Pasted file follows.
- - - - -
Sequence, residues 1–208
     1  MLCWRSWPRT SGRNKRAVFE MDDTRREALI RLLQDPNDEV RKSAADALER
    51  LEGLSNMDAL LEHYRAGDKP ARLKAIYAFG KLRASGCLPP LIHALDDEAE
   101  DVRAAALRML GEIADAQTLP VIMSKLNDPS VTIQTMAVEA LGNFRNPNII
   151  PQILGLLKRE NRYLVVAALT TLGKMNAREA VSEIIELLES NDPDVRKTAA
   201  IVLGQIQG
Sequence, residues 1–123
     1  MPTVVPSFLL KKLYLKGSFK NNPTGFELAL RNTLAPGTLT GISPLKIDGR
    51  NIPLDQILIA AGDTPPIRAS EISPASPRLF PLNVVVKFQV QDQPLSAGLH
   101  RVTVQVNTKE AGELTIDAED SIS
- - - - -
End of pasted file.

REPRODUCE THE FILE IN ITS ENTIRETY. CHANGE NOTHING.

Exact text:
Sequence, residues 1–208
     1  MLCWRSWPRT SGRNKRAVFE MDDTRREALI RLLQDPNDEV RKSAADALER
    51  LEGLSNMDAL LEHYRAGDKP ARLKAIYAFG KLRASGCLPP LIHALDDEAE
   101  DVRAAALRML GEIADAQTLP VIMSKLNDPS VTIQTMAVEA LGNFRNPNII
   151  PQILGLLKRE NRYLVVAALT TLGKMNAREA VSEIIELLES NDPDVRKTAA
   201  IVLGQIQG
Sequence, residues 1–123
     1  MPTVVPSFLL KKLYLKGSFK NNPTGFELAL RNTLAPGTLT GISPLKIDGR
    51  NIPLDQILIA AGDTPPIRAS EISPASPRLF PLNVVVKFQV QDQPLSAGLH
   101  RVTVQVNTKE AGELTIDAED SIS